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Ethiopians fear genocide as conflict threatens to spread across country following attacks

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The Tigray regional government said in a statement that such strikes will continue “unless the attacks against us stop”. The federal government said the airports in Gondar and Bahir Dar were damaged in the strikes late on Friday. It follows deadly fighting that erupted in the northern Tigray region on November 4, reportedly killing hundreds of civilians on both the federal and regional government sides. Already 17,000 refugees have fled into neighbouring Sudan and raised the alarm about a possible civil war at the heart of the Horn of Africa. The situation has been deteriorating since September amid a resurgence in fighting between the federal government and the so-called Tigray People’s Liberation Front (TPLF).

 

This guerilla army and political party in the north of Ethiopia has been classed as a terrorist group since 1991 and is ignoring the temporary cancelling of elections due to coronavirus. 

Earlier this month, prime minister Abiy Ahmed ordered a military operation against TPLF after an attack against a military camp hosting federal troops.

Now concerns are increasing over the apparent decision by the TPLF to target civilians. Last week Amnesty International warned that hundreds had been “stabbed or hacked to death” in the town of Mai-Kadra.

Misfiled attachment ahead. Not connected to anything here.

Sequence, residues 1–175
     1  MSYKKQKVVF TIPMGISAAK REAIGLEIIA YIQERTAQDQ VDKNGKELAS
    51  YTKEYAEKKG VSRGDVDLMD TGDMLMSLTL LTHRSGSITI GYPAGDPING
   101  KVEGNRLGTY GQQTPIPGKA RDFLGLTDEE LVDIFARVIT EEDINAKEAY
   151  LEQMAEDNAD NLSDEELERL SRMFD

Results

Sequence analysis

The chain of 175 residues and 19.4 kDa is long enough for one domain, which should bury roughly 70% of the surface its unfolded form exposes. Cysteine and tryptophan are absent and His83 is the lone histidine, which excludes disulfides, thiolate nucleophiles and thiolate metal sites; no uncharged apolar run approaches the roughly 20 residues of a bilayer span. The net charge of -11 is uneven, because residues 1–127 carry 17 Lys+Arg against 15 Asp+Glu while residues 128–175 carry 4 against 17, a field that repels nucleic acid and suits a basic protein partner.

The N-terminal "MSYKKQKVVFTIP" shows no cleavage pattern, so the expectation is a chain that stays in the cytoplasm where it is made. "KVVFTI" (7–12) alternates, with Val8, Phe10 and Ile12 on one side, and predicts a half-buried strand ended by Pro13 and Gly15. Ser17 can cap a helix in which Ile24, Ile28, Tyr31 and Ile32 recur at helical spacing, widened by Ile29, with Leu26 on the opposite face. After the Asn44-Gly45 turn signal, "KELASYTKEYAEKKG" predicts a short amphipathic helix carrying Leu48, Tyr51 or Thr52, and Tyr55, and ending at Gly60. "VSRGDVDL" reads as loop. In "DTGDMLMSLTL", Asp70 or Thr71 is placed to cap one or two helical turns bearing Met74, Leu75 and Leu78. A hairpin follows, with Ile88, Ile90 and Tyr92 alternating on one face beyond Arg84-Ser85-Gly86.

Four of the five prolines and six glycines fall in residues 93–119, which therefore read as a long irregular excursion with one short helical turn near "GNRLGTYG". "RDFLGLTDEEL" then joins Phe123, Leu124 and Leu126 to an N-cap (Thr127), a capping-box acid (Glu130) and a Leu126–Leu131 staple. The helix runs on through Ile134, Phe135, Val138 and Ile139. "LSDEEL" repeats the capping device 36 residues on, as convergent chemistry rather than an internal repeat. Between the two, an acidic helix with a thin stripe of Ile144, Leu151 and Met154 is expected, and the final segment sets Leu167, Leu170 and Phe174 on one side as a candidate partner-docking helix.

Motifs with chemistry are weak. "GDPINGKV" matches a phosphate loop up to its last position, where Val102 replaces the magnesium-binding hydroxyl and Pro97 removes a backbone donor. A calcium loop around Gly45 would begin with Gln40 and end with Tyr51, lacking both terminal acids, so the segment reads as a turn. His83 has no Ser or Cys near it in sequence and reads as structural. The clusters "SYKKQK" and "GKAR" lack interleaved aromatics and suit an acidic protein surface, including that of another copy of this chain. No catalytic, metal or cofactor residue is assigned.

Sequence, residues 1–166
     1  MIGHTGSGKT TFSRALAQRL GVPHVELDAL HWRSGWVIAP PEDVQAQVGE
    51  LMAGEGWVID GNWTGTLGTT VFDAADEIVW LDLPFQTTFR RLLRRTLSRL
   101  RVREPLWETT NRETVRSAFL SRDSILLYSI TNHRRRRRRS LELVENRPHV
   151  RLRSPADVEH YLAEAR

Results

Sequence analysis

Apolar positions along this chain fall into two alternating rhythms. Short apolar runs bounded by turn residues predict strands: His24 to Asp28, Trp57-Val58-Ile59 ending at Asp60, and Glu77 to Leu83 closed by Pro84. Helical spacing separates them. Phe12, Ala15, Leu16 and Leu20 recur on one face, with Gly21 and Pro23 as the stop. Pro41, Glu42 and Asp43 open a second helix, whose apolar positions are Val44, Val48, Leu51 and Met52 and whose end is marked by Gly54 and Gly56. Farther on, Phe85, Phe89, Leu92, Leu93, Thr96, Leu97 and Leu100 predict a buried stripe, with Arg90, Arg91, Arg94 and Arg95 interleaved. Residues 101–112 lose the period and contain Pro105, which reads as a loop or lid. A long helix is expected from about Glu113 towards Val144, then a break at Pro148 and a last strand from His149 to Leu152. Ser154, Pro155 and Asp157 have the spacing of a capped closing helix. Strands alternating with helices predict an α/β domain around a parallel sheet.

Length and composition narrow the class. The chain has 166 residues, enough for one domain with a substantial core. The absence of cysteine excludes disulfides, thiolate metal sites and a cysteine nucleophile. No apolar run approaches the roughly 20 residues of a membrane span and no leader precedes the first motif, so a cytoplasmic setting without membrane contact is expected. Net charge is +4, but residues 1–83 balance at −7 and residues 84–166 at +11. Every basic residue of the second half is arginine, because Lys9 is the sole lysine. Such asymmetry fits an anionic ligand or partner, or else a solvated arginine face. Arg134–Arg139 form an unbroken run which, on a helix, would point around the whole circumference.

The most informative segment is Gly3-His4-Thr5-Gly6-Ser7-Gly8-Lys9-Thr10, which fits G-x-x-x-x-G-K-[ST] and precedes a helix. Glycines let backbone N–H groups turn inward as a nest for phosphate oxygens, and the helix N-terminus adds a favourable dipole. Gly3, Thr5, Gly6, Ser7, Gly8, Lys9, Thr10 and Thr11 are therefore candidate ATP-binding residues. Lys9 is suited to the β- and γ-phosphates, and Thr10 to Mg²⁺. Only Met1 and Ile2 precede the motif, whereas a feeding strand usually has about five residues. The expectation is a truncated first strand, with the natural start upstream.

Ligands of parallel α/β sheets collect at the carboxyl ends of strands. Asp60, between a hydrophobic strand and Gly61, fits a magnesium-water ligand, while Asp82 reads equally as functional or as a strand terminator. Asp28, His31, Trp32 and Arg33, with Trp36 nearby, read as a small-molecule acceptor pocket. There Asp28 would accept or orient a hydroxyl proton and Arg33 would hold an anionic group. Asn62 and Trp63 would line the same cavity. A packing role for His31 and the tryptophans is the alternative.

Several rocket attacks hit the cities of Bahir Dar and Gondar, in Amhara state, said the Ethiopian government’s emergency task force yesterday, with one rocket striking Gondar airport.

 

Another narrowly missed the airport on Bahir Dar.

Both are used by military and civilian aircraft. Crucially, they are seen to present a geographical widening of the conflict that has so far been contained to the north.

A government spokesman said: “The TPLF junta is utilising the last of the weaponry within its arsenals.”

The TPLF has not claimed responsibility but said: “Any airport used to attack Tigray is a legitimate target.”

 

The TPLF played a pivotal role in overthrowing Marxist leader Mengistu Haile Mariam in 1991.

But it has seen its strength diminished since 2018 by Abiy’s ability to drive home major anti-corruption reforms, for which he was awarded a Nobel Peace Prize.

UN secretary-general António Guterres recently warned “the stability of Ethiopia is important for the entire Horn of Africa region”.

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